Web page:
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Polish Journal of Pathology
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vol. 71
Letter to the Editor

Diagnosing MERRF requires clinical and genetic evidence

Josef Finsterer

Neurological Department, Klinik Landstrasse, Messerli Institute, Vienna, Austria
Pol J Pathol 2020; 71 (3): 283-284
Online publish date: 2020/10/25
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With interest we read the article by Felczak et al. about the clinical and ultrastructural muscle biopsy findings in a 30 years old female with putative MERRF syndrome due to the variant m.8344A>G with a heteroplasmy rate of 95% in muscle [1]. We have the following comments and concerns.
We do not agree that the described patient had MERRF. Diagnosing MERRF not only relies on the detection of a pathogenic mtDNA mutation associated with MERRF [2], but also on the presence of the canonical phenotypic features of the syndrome, myocloni, generalised seizures, ataxia, and ragged-red fiber myopathy [3]. However, none of these four features was described in the index patient. Thus, the patient should rather be diagnosed with mitochondrial multiorgan disorder syndrome (MIMODS) due to the m.8344A>G variant than with MERRF [4]. Organs affected in the index patient were the brain, muscle, ears, and the endocrine system.
Since some relatives were obviously clinically affected (gait disturbance, dysarthria, myoclonic epilepsy) and even carried the m.8344A>G variant, we should be informed about the relation between these relatives and the index case, preferentially by presentation of a pedigree. This is crucial as there was obviously broad phenotypic heterogeneity. Thus, we should be informed about the heteroplasmy rates of the variant in clinically affected relatives and discussion of alternative explanations than heteroplasmy rates as the cause of the phenotypic heterogeneity.
The patient was diagnosed with hypoprolactinemia and a microadenoma of the pituitary gland [1]. Were all endocrine abnormalities, such as hypothyroidism, short stature, hypogonadism, and hypocorticism attributable to the adenoma or was there additionally pituitary insufficiency? In particular we should be informed about the serum levels of sexual hormones, cortisol, aldosterone, parathormone, and calcitonin. Pituitary insufficiency is quite likely as the patient had short stature, menstrual disorder, adrenal insufficiency, and hypothyroidism which are not attributable to a microadenoma.
The authors found calcium deposits in the walls of arterioles. Thus, we should know if function and morphology of the parathyroid glands were normal and if parathormon and calcitonin levels were normal or abnormal. This is crucial as hypo- or hyper-parathyroidisms can be a manifestation of a mitochondrial disorder (MID) [5].
Interestingly, cerebral CT (CCT) revealed a lipoma of the corpus callosum [1] but cerebral MRI was normal. This discrepancy should be addressed. Usually, lipomas are more accurately seen on MRI than on CCT. Since lipomas most frequently occur subcutaneously in a mono-local or multi-local distribution in MERRF, the CCT diagnosis is highly questionable since the MRI does not show the lesion.
Missing in the report are the serum and CSF values of lactate. MERRF is frequently associated with lactic acidosis, which may strongly influence the clinical presentation if elevated. Serum lactate may be also helpful for diagnosed purposes in the form of the lactate stress test [6]. Thus we should be informed about lactate levels, MR-spectroscopy findings, and the results of the lactate stress test.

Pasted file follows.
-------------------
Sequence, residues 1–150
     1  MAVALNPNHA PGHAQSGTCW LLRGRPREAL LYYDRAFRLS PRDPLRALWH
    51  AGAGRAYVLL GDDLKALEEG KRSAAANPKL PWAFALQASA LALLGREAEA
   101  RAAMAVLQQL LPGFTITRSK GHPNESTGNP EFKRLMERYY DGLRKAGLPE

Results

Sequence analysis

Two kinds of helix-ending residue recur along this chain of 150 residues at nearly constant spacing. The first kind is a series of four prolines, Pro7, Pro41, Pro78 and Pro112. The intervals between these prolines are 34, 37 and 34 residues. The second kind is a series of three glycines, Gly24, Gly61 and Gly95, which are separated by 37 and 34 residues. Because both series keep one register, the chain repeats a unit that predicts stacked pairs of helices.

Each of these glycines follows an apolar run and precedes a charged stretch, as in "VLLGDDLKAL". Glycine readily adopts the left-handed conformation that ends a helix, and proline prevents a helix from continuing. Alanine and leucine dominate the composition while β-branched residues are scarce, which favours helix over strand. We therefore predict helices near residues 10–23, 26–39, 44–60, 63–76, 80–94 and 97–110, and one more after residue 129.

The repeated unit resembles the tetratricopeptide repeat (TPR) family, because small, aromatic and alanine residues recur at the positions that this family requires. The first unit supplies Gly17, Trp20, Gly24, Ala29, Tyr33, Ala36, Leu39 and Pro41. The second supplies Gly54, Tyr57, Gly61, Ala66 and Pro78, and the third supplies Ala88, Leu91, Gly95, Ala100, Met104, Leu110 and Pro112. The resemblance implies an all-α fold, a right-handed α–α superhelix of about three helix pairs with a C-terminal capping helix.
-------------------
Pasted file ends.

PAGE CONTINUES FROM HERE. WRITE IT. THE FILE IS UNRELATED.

Overall, this interesting study shows that the m.8344A>G variant may not only manifest as MERRF and that MIDs in general can manifest with pituitary adenomas. The study has a number of shortcomings and inconsistencies as indicated above, which need to be resolved to make the results more reliable.

The author declares no conflict of interest.
1. Felczak P, Stêpniak I, Kowalski P, et al. Pathology of skeletal muscle fibers and small blood vessels in MERRF syndrome: an ultrastructural study. Pol J Pathol 2018; 69: 422-431.
2. Finsterer J, Zarrouk-Mahjoub S, Shoffner JM. MERRF classification: implications for diagnosis and clinical trials. Pediatr Neurol 2018; 80: 8-23.
3. Altmann J, Büchner B, Nadaj-Pakleza A, et al. Expanded phenotypic spectrum of the m.8344A>G “MERRF” mutation: data from the German mitoNET registry. J Neurol 2016; 263: 961-972.
4. Finsterer J, Zarrouk-Mahjoub S. Mitochondrial multiorgan disorder syndrome score generated from definite mitochondrial disorders. Neuropsychiatr Dis Treat 2017; 13: 2569-2579.
5. Tzoufi M, Makis A, Chaliasos N, et al. A rare case report of simultaneous presentation of myopathy, Addison’s disease, primary hypoparathyroidism, and Fanconi syndrome in a child diagnosed with Kearns-Sayre syndrome. Eur J Pediatr 2013; 172: 557-561.
6. Finsterer J, Milvay E. Stress lactate in mitochondrial myopathy under constant, unadjusted workload. Eur J Neurol 2004; 11: 811-816.
Copyright: © 2020 Polish Association of Pathologists and the Polish Branch of the International Academy of Pathology This is an Open Access article distributed under the terms of the Creative Commons Attribution-NonCommercial-ShareAlike 4.0 International (CC BY-NC-SA 4.0) License (http://creativecommons.org/licenses/by-nc-sa/4.0/), allowing third parties to copy and redistribute the material in any medium or format and to remix, transform, and build upon the material, provided the original work is properly cited and states its license.
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